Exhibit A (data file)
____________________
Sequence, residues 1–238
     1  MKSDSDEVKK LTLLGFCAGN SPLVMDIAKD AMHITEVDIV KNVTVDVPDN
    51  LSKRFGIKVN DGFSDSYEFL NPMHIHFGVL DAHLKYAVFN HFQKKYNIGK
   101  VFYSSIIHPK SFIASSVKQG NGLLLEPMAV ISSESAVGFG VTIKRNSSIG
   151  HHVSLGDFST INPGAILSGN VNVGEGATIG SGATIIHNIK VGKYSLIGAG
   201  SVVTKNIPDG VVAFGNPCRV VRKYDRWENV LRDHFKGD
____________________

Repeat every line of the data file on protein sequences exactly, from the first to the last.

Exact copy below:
Sequence, residues 1–238
     1  MKSDSDEVKK LTLLGFCAGN SPLVMDIAKD AMHITEVDIV KNVTVDVPDN
    51  LSKRFGIKVN DGFSDSYEFL NPMHIHFGVL DAHLKYAVFN HFQKKYNIGK
   101  VFYSSIIHPK SFIASSVKQG NGLLLEPMAV ISSESAVGFG VTIKRNSSIG
   151  HHVSLGDFST INPGAILSGN VNVGEGATIG SGATIIHNIK VGKYSLIGAG
   201  SVVTKNIPDG VVAFGNPCRV VRKYDRWENV LRDHFKGD